AT&T launches push-to-talk service for iPhone

AT&T Inc. on Monday said it's adding a walkie-talkie-like application to the iPhone for its corporate customers, replicating a hallmark feature of the Nextel network, which is being shut down this summer.

A push-to-talk feature is available on some non-Nextel phones from Sprint, Verizon and AT&T, but this is the first time it's available on the iPhone in the U.S.

With push-to-talk systems, the user pushes a button to broadcast a voice message to a group—in the case of the AT&T app, of up to 250 people. This type of service has been popular for work sites and first responders.

Sprint is shutting down the Nextel network this summer because it doesn't support high-speed data traffic. It's trying to get as many Nextel users as possible to switch to Sprint phones with push-to-talk capability, but it's competing with Verizon Wireless and AT&T.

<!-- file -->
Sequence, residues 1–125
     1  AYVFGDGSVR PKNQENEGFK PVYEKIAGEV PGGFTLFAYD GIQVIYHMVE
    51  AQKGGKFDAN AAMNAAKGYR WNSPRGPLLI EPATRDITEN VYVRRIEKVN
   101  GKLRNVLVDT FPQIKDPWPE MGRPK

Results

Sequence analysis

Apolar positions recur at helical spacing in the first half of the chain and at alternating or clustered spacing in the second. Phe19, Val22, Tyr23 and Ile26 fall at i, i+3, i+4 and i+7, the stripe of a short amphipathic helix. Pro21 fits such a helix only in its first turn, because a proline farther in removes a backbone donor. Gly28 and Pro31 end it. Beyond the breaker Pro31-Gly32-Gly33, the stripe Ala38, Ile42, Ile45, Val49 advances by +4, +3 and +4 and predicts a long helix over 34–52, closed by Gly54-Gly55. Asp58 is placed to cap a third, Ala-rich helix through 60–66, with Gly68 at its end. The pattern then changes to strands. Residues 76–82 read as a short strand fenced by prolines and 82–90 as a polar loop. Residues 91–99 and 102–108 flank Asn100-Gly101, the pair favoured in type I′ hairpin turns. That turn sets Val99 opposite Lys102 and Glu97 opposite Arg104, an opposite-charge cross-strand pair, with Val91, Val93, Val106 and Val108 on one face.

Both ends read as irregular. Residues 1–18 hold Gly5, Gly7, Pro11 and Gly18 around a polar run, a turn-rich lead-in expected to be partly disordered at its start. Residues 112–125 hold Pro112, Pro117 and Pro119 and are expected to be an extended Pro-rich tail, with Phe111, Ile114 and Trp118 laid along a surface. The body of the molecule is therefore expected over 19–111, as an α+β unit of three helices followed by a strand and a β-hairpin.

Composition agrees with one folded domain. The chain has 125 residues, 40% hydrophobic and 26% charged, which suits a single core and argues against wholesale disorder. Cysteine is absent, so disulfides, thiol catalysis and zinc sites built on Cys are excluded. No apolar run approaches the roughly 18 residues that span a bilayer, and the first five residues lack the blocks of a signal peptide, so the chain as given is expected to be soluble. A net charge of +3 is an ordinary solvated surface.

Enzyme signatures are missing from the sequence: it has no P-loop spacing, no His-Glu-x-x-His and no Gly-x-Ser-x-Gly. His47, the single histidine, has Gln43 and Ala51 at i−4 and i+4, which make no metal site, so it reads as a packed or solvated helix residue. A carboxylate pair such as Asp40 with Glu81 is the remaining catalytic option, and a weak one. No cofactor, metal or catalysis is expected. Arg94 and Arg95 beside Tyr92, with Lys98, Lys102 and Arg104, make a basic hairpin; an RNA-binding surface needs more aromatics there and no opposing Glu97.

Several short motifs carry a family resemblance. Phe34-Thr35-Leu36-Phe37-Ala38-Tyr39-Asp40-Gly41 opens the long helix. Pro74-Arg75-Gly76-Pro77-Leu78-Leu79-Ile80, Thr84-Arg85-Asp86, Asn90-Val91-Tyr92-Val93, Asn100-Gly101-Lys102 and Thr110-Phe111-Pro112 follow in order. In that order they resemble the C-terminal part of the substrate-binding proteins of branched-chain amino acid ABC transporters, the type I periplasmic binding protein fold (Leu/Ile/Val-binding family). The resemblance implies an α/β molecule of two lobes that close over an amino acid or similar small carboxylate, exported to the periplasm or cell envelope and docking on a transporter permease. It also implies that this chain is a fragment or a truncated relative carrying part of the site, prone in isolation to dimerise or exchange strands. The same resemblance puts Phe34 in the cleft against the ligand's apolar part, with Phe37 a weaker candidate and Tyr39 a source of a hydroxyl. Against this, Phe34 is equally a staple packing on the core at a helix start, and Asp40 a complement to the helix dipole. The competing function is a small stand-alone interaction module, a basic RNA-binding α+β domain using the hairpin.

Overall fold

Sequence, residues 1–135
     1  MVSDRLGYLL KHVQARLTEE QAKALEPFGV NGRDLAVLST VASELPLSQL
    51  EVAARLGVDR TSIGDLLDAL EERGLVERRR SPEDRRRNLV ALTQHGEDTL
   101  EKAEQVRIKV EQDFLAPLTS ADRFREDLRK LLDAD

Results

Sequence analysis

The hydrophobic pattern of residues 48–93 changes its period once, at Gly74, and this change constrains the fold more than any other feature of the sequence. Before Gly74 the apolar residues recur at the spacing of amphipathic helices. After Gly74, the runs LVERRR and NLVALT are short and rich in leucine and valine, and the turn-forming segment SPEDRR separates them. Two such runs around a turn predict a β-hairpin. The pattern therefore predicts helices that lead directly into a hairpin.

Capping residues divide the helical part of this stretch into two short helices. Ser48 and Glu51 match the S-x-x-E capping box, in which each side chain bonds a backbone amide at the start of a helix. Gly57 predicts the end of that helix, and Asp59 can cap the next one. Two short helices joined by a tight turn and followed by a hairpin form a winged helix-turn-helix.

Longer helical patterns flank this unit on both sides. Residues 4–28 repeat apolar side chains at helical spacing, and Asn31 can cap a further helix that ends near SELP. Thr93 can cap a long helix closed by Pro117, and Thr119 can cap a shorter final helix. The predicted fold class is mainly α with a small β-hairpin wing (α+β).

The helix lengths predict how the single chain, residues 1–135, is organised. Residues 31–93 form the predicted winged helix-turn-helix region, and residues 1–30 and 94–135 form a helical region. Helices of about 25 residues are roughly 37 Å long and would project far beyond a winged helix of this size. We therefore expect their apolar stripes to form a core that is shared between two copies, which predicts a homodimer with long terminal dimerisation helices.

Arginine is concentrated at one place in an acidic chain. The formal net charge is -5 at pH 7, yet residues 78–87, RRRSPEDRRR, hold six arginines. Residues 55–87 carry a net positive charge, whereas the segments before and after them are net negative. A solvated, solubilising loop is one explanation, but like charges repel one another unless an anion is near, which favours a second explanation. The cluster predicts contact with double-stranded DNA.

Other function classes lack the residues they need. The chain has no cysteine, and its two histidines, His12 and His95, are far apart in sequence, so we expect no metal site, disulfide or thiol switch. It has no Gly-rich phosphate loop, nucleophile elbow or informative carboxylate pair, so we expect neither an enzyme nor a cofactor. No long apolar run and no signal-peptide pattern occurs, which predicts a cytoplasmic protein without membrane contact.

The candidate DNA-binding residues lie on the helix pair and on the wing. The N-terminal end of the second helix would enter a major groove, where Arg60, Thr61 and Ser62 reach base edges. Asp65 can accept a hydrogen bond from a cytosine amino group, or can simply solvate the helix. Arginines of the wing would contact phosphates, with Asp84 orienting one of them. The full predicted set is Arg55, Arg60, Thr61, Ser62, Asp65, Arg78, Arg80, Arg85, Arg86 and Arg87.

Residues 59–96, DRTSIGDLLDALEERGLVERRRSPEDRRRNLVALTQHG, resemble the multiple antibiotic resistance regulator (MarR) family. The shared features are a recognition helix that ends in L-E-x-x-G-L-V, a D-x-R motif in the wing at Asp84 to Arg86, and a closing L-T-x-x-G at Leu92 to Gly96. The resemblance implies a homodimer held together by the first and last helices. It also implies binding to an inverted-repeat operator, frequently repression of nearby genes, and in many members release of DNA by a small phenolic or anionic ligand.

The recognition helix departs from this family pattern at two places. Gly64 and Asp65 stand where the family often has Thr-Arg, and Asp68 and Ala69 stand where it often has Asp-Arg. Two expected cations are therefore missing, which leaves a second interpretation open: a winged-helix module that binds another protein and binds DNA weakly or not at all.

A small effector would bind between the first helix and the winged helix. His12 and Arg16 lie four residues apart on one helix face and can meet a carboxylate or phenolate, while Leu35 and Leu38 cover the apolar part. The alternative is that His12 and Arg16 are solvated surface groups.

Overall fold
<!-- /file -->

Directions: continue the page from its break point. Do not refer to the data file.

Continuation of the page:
Dallas-based AT&T said the push-to-talk function won't work just by downloading the app—the company has to work with its corporate customers to integrate it.

AT&T shares rose 40 cents to $35.85 in morning trading. Its shares have traded in a 52-week range of $32.71 to $39.


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Citation: AT&T launches push-to-talk service for iPhone (2013, June 10) retrieved 21 September 2019 from https://phys.org/news/2013-06-att-push-to-talk-iphone.html
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